The elements of Fantasy include a setting (often medieval) of the author’s invention, a quest or journey of some sort, magical or fantastical creatures (other than vampires or werewolves), a sense of destiny at work in the characters’ lives, and usually objects with some mystical power or significance to be recovered or obtained by the characters. Fantasy ROMANCE takes these elements and makes a love story the central force driving the plot.

 

To show you how this works, in my first book, THE PRINCE OF VAL-FEYRIDGE, I created three distinct lands (medieval setting) that had once been united under a king.  When he died without naming an heir, his three sons fought over the crown. Blood was shed, the three lands broke apart, and the crown they fought over was lost. Now my hero has a blood claim to the throne (his perceived destiny), but he must find the crown (the missing icon) to convince the various “tribes” to reunite behind him. Of course, his greatest prize (and ultimate destiny) will be winning the love of the one woman he is convinced he should not pursue.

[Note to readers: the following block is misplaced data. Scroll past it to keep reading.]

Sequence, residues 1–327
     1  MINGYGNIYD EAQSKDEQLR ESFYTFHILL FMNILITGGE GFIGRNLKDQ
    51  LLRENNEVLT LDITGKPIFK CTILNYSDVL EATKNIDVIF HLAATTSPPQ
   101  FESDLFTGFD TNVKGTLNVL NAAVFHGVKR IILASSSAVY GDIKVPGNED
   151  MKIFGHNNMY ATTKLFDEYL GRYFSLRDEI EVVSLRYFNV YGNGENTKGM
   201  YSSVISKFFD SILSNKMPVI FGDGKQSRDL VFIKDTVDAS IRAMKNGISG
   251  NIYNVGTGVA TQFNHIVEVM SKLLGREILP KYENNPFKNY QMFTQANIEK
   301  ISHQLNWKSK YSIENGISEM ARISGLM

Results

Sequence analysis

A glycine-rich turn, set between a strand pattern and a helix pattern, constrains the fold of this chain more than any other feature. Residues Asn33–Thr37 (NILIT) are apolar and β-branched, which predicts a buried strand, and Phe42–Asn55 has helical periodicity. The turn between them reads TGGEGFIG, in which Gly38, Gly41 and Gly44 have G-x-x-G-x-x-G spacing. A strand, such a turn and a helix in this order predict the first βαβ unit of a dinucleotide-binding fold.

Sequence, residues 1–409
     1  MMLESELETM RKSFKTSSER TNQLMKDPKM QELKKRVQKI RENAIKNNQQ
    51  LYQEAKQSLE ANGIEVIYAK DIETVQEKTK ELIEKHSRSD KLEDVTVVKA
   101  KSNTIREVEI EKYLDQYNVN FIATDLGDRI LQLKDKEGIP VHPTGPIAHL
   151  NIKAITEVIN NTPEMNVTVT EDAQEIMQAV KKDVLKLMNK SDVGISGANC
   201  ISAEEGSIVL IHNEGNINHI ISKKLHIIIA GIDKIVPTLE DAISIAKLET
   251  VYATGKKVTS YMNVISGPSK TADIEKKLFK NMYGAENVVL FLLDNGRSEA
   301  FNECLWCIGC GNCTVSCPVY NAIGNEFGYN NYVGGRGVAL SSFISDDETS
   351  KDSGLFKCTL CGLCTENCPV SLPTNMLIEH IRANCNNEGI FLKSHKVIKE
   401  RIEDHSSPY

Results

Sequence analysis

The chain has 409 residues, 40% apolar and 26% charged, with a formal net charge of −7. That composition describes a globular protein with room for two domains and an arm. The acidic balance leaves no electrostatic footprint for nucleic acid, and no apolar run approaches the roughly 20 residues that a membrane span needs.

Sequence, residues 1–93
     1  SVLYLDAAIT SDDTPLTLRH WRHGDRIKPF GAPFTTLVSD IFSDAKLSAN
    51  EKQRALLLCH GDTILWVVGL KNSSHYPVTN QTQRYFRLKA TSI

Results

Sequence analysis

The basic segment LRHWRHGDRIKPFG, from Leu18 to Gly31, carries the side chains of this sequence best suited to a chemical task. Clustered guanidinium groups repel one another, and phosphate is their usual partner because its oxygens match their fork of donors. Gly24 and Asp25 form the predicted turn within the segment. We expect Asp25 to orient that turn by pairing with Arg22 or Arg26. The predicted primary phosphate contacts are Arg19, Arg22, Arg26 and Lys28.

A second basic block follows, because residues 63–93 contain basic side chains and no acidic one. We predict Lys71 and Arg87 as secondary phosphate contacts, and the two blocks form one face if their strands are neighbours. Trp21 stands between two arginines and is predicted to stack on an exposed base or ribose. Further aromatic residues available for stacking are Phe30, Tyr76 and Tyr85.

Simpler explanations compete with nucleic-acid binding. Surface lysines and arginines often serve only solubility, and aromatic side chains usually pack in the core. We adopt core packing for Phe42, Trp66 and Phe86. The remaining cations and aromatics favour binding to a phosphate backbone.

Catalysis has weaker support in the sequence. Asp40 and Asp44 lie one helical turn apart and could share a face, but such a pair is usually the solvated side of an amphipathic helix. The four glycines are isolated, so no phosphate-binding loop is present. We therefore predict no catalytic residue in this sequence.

My second book BLOODSTONE is a Beauty-and-the-Beast reimagining set in a no-man’s land where the boundaries of good and evil have been shaken (medieval setting). The hero, who was cursed by a mage (magical being), lives as the Shadow Man, a (magical) being feared and reviled who trades rare bloodstones—petrified dragon’s blood (the icon)—for supplies. The heroine is on a quest with her father to obtain bloodstones for a jewelry commission. They are drawn to each other by shared dreams (perceived destiny), but when Mirianna and her father are attacked, she offers herself in return for her father’s rescue. Living in the ruined fortress with the Shadow Man, Mirianna slowly realizes that a flesh-and-blood man—not a fiend—hides there in hoods and darkness. But are her love and courage enough to lift the curse (quest) and restore the man (ultimate destiny) before the mage returns?

 

 

 

This definition and description of fantasy romance fits what I write, but it also fits Steven’s SON OF THUNDER where the Norse gods’ world collides with the heroine’s human world over the quest for the belt of Thor.